Every marriage is many marriages. A relationship feels different when experienced in different life stages, or when viewed through the eyes of one partner or another. But what does it look like as a whole? How do you chart the rise and fall of conflict, contentedness, and shared activities that make up a life together?
To answer that question, sociologists Paul Amato from Pennsylvania State University and Spencer James of Brigham Young University examined data from 1,617 participants in the Marital Instability over the Life Course survey, a longitudinal study of marriage in the US conducted from 1980 to 2000. All respondents were married at the start of the survey; by the end, about half of them still were, the rest having divorced (19%), become widowed (5%), or dropped out of the study.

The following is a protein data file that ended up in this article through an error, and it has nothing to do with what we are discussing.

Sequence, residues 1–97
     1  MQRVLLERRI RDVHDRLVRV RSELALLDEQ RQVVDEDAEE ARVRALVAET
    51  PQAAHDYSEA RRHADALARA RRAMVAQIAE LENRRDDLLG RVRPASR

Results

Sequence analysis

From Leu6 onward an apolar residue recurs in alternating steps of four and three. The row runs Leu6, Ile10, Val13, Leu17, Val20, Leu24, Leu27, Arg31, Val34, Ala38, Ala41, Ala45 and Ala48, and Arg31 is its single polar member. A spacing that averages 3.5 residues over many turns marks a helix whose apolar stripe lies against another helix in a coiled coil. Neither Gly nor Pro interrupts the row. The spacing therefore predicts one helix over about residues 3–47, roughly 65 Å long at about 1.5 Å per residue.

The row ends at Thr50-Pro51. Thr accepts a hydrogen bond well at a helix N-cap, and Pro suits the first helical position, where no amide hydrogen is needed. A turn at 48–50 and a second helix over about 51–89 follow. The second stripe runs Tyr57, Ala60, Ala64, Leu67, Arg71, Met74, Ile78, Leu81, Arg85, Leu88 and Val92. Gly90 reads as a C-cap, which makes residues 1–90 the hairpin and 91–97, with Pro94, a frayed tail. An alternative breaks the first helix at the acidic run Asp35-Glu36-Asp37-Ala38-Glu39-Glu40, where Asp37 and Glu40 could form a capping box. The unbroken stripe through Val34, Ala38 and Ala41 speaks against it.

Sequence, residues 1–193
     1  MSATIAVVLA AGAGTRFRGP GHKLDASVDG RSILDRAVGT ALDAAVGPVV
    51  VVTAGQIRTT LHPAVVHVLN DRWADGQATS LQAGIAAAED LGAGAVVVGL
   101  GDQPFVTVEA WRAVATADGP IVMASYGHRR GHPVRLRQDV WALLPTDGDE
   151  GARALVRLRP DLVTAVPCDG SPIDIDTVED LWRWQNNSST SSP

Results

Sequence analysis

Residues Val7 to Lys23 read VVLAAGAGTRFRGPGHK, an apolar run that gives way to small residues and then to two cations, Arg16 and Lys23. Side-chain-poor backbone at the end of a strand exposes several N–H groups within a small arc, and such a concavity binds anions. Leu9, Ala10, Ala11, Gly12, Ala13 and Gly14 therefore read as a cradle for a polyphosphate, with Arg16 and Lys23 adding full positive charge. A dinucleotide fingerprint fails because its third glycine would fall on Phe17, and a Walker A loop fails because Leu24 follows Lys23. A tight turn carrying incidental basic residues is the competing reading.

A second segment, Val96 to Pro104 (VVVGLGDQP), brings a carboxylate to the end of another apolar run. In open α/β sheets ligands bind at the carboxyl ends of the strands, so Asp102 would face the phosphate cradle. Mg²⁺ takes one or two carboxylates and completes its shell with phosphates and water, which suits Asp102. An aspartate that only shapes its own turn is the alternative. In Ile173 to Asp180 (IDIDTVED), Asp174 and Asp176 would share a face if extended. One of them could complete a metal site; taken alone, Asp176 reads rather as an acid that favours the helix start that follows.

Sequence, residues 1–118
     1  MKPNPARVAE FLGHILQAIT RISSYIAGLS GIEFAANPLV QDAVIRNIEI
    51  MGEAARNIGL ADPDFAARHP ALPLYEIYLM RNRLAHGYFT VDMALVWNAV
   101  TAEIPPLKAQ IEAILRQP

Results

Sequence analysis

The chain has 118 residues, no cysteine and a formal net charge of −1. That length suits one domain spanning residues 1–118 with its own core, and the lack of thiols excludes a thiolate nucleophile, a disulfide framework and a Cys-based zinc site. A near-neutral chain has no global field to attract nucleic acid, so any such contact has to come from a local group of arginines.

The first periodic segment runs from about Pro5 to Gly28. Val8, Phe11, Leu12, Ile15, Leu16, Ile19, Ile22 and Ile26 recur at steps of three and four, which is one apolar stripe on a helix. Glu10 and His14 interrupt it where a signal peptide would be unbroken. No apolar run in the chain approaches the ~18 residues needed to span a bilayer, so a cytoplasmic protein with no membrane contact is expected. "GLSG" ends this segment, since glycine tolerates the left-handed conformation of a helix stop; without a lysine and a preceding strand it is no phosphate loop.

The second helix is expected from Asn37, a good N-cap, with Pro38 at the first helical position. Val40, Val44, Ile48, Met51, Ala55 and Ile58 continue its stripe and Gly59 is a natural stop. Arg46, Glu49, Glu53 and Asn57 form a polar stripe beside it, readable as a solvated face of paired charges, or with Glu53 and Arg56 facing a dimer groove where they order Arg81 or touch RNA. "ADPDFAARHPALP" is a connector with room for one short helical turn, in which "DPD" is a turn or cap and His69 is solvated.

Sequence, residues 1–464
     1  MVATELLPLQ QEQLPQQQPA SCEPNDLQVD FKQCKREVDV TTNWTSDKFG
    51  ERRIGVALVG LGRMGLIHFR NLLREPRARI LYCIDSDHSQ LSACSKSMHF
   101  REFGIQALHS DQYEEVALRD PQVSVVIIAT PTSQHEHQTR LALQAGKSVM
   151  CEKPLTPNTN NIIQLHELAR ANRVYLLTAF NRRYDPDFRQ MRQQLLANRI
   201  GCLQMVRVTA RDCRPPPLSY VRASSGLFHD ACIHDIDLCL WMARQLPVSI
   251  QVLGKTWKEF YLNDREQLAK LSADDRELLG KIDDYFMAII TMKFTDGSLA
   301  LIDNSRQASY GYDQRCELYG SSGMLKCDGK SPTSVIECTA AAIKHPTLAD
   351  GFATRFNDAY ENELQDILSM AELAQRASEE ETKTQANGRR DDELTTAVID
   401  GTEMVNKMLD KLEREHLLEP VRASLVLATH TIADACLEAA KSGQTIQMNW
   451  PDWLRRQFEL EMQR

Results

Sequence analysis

In a chapter of the recently published textbook Social Networks and the Life Course, Amato and James pulled out respondents whose partnerships ended in divorce and charted them separately from those whose marriages endured. Rather than focusing simply on marital “happiness”—a fuzzy and nebulous concept—they also looked at both the couples’ reports of discord and the number of activities they shared together.